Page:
Chapter

The Demand for Esteem

Geoffrey Brennan and Philip Pettit

in The Economy of Esteem

Published in print March 2004 | ISBN: 9780199246489
Published online November 2004 | e-ISBN: 9780191601460 | DOI: http://dx.doi.org/10.1093/0199246483.003.0003
The Demand for Esteem

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If there is to be an economy of esteem, then esteem must be something that it makes sense for people to demand and seek out by their own efforts, thereby giving rise to unintended, aggregative consequences; it must be more that something that they welcome but can do nothing about attaining. It may seem that acting on the desire for esteem is counterproductive, since being seen to act on such a desire is unlikely to win esteem. But this does not hold under all circumstances, only in some special cases. And anyhow it will not be counterproductive to act under the virtual as distinct from the active control of that desire. The desire will be in virtual control when habit or other forces normally produce action but retain control only so long as the action does all right for the agent in esteem terms: if it fails to do so, then the desire for esteem may be activated and may take active control.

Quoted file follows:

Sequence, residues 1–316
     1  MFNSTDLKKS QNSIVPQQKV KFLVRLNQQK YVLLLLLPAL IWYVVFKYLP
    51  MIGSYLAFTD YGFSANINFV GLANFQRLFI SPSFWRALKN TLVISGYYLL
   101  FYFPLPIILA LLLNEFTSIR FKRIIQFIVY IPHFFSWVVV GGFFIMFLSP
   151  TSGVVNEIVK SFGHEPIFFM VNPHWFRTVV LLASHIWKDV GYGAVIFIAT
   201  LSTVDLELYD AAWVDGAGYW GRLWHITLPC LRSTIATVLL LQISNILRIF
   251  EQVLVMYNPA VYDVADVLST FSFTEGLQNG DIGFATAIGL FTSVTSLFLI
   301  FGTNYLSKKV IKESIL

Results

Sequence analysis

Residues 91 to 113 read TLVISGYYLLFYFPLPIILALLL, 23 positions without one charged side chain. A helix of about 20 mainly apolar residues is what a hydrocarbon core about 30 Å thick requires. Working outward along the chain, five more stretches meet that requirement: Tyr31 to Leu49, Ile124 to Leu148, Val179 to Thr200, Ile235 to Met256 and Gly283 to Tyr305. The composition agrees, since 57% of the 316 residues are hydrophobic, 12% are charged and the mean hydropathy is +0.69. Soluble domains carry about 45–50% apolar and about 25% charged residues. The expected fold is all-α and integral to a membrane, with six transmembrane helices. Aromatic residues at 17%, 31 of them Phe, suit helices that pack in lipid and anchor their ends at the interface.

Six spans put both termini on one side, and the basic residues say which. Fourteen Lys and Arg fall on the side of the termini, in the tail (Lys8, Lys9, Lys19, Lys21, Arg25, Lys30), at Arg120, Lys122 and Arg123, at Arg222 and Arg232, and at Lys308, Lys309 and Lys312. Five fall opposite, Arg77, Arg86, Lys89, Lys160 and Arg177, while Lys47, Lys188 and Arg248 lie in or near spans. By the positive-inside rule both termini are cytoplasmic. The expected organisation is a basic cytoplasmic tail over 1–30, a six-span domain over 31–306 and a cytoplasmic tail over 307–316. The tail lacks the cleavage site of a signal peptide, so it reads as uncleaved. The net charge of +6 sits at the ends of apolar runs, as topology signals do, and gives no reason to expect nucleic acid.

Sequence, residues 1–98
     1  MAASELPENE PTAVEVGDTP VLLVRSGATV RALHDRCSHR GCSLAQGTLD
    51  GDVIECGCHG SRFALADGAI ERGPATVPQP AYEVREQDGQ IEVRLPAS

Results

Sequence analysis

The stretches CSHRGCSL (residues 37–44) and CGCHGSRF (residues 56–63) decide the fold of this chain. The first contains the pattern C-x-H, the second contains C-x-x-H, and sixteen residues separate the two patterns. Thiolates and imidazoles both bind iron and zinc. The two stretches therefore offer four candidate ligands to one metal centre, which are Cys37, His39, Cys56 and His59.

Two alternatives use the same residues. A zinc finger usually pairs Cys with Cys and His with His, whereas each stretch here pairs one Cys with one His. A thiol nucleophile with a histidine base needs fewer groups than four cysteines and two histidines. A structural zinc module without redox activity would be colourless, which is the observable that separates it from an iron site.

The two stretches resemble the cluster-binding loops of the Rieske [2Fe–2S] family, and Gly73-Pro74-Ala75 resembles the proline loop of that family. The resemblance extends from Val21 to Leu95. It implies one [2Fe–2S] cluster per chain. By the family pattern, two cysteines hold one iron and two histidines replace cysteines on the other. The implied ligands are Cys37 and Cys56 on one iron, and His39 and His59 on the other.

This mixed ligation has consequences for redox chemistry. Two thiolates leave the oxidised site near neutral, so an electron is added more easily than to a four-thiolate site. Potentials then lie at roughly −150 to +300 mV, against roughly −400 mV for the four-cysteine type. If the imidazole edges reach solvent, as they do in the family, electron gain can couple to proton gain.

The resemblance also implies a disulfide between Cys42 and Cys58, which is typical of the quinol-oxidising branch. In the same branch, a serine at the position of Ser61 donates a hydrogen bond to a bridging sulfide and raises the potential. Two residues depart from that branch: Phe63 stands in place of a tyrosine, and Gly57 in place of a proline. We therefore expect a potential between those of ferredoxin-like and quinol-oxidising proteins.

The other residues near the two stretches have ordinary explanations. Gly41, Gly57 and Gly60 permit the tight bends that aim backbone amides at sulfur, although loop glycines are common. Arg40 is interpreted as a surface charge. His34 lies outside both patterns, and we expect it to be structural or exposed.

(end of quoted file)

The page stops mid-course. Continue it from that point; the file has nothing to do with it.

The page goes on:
Keywords: counterproductivity; demand; teleological paradox; virtual control

Chapter.  7662 words. 

Subjects: Microeconomics

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